Preventing Noise-Induced Hearing Loss
By Jerome E. Spear, CSP, CIH
Noise, or unwanted sound, is a by-product of many industrial processes. Sound consists of pressure changes in a medium (usually air), caused by vibration or turbulence. These pressure changes produce waves emanating away from the turbulent or vibrating source. Exposure to high levels of noise causes hearing loss and may also put stress on other parts of the body. The extent of damage depends primarily on the intensity of the noise and the duration of exposure.
Noise-induced hearing loss can be temporary or permanent. Temporary hearing loss results from short-term exposures to noise, with normal hearing returning after a period of rest. Generally, prolonged exposure to high noise levels over a period of time gradually causes permanent damage. For most effects of noise, there is no cure. Therefore, controlling exposure to excessive noise is the only way to preserve your hearing.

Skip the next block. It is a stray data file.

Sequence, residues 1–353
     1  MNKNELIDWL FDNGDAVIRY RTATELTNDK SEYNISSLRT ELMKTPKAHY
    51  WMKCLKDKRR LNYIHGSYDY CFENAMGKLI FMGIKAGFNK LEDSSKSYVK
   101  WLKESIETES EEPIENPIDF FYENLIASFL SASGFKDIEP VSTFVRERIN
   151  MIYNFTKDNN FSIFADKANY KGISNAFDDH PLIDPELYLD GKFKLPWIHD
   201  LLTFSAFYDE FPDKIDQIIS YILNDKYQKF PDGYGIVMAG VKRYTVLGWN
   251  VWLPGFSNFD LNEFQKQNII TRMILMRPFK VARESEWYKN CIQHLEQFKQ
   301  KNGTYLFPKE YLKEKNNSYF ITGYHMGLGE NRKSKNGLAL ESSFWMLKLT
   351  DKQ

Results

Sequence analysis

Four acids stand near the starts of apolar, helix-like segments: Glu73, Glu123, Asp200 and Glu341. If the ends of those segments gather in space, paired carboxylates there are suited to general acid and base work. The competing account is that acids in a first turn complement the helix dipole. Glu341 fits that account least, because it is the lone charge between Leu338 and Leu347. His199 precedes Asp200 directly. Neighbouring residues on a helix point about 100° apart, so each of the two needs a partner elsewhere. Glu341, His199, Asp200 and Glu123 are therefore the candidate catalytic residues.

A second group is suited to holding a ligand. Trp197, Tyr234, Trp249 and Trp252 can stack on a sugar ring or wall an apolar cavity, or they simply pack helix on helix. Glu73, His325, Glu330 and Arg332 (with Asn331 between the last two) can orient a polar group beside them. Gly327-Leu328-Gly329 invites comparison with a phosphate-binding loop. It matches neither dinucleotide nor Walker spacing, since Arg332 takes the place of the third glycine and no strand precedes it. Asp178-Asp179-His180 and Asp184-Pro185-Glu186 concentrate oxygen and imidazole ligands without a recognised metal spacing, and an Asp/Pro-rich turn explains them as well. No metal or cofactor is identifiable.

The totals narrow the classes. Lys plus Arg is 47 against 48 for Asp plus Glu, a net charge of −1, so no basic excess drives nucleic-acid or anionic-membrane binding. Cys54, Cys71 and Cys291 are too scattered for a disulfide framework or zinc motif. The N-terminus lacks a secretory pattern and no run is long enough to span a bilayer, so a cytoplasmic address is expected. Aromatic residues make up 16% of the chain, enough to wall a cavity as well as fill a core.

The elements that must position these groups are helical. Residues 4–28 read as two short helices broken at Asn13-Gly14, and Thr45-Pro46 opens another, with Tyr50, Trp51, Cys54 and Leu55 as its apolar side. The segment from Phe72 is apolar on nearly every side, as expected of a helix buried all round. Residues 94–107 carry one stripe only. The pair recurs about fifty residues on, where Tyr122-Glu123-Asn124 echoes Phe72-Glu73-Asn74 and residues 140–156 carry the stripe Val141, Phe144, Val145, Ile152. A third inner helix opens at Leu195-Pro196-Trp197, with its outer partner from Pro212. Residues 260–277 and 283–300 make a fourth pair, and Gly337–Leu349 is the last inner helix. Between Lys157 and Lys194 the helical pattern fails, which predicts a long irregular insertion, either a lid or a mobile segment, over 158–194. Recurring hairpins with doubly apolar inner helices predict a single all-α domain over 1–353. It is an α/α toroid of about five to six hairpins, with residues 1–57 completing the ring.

This paper summarizes the potential health effects of noise, applicable workplace noise exposure standards and regulations. Noise measuring methods are also described.
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